Hurts So Good: Foam Rolling 101

20161025_141545-01Post submitted by:
Fit Running Mom Blogger, Strong Momma Christina

When I first learned about foam rolling about 10 years ago, I initially thought it was odd and useless. I was working as a personal trainer at a large health club and I remember one of the master trainers raving about it so I figured I would give it a shot. I laid on the long peace of foam, rolled vigorously back and forth for like 5 seconds and insisted it had no benefit. Luckily for me and my future client, that master trainer caught me with my terrible foam rolling technique and took some time to show me how to properly use it. And let me tell you, it changed my life! Since then, foam rolling has not only become a regular part of my training regimen (just as important to me as a training run or lifting session) but also a staple in our training programs for all of our athletes. Foam rolling and other forms of SMR (self miofascial release), if done properly, have several great benefits which I will discuss below. However, people often neglect rolling because they feel as if they have no time or do not see immediate benefits from it. So I will also cover proper technique, key areas to roll and tips for incorporating rolling into your training routine.

Benefits of Rolling
First, let’s discuss why we roll. Our active lifestyle, from running to lifting weights, causes our muscles to tighten up. These tight areas, or “trigger points,” can eventually lead to weak areas which, if neglected, can potentially lead to injury. Loosening up tight tissue not only alleviates discomfort, but it can also help you become a more efficient athlete with increased range of motion, better form and improved running and economy. Waiting until you feel significant tightness and pain, however is not the solution and often where people go wrong when it comes to SMR. Foam rolling is not just for rehabilitation, rather it is a great tool for preventing muscles from getting too tight, which of course will aid in recovery, prevent soreness and, of course, prevent injury.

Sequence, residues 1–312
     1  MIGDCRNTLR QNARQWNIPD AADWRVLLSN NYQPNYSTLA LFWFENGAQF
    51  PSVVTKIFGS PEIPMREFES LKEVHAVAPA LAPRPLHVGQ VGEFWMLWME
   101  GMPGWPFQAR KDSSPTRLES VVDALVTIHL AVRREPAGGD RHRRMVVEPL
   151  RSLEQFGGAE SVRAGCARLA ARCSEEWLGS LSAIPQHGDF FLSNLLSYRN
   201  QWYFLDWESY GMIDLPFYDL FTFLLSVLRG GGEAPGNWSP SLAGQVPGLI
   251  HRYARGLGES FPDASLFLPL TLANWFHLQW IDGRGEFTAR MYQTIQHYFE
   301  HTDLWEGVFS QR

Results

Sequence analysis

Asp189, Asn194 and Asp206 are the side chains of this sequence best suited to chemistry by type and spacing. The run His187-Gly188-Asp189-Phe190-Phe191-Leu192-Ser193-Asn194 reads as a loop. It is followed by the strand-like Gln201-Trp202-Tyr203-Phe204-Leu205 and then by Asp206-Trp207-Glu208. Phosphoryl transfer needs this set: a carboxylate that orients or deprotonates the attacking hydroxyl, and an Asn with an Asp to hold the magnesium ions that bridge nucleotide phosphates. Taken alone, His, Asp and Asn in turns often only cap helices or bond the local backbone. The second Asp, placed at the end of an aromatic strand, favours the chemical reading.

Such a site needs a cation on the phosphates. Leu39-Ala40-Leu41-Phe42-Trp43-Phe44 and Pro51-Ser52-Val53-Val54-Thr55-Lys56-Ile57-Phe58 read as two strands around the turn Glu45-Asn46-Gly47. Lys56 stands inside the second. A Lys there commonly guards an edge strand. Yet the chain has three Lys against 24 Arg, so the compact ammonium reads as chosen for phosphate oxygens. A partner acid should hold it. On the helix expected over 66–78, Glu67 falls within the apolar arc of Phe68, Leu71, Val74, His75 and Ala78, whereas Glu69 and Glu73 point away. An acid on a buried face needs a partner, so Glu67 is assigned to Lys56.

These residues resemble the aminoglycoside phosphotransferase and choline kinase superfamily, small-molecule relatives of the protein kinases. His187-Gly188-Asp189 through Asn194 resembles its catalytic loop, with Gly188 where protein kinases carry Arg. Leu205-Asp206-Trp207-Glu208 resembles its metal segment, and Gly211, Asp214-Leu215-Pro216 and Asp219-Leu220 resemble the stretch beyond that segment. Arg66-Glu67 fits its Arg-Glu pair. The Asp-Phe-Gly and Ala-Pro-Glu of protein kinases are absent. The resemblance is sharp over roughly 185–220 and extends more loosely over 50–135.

When to Roll
As I stated above, don’t just wait until you’re sore to roll. Use roam rolling as a preventative tool as a part of your regular training routine to see the most benefit. At our gym, we have our athletes roll out before each training session, and even during and after if necessary. I myself, as a runner and weight lifter, typically start each of my training sessions off with several minutes of foam rolling focusing on key areas. So to answer the question of “when should you foam roll?” here are a couple of key things to remember:

1. Rolling can essentially be done daily
2. Do not wait until you are sore, roll regularly
3.  Roll BEFORE training sessions as a part of your warm up to loosen up tight muscles
4. If you experience tightness during or after a workout, take a moment to roll that specific area
5. Rolling does not necessarily have to occur during training, it can be done first thing in the morning or even at night, just make time for it!

Types of Rollers
At our facility, we have several types of tools including regular long rollers, half rollers, “The Stick,” and lacrosse balls for our athletes’ SMR needs. I typically suggest to people to first invest in a long roller that can be purchased anywhere from online to running stores and even Target or Marshalls. You do not have to break the bank buying the latest and greatest products in SMR. A simple long piece of foam will serve as a great tool to loosen up those tight muscles. Here is a break down of what we use and for what:

1. Long Roller (AeroMat Elite High Density Foam Roller, 6″ x 36″ Firm): Can be used for most areas, especially larger muscle groups like quads, glutes and adductors. Long rollers are also great for the back, lats and of course those pesky IT Bands.
2. Half Roller (AeroMat Elite High Density Foam Roller 6″x11): Although not necessary if you have the long roller, half rollers can be a little more user friendly for hamstrings and calf muscles.
3. “The Stick” (The Stick Travel Stick, 17-Inch G-1750): Is great for zeroing in on tight calf and soleus muscles as well as peroneals. If you do a good amount of traveling, The Stick is a great investment because of it’s size, it can be a great SMR tool for on the go.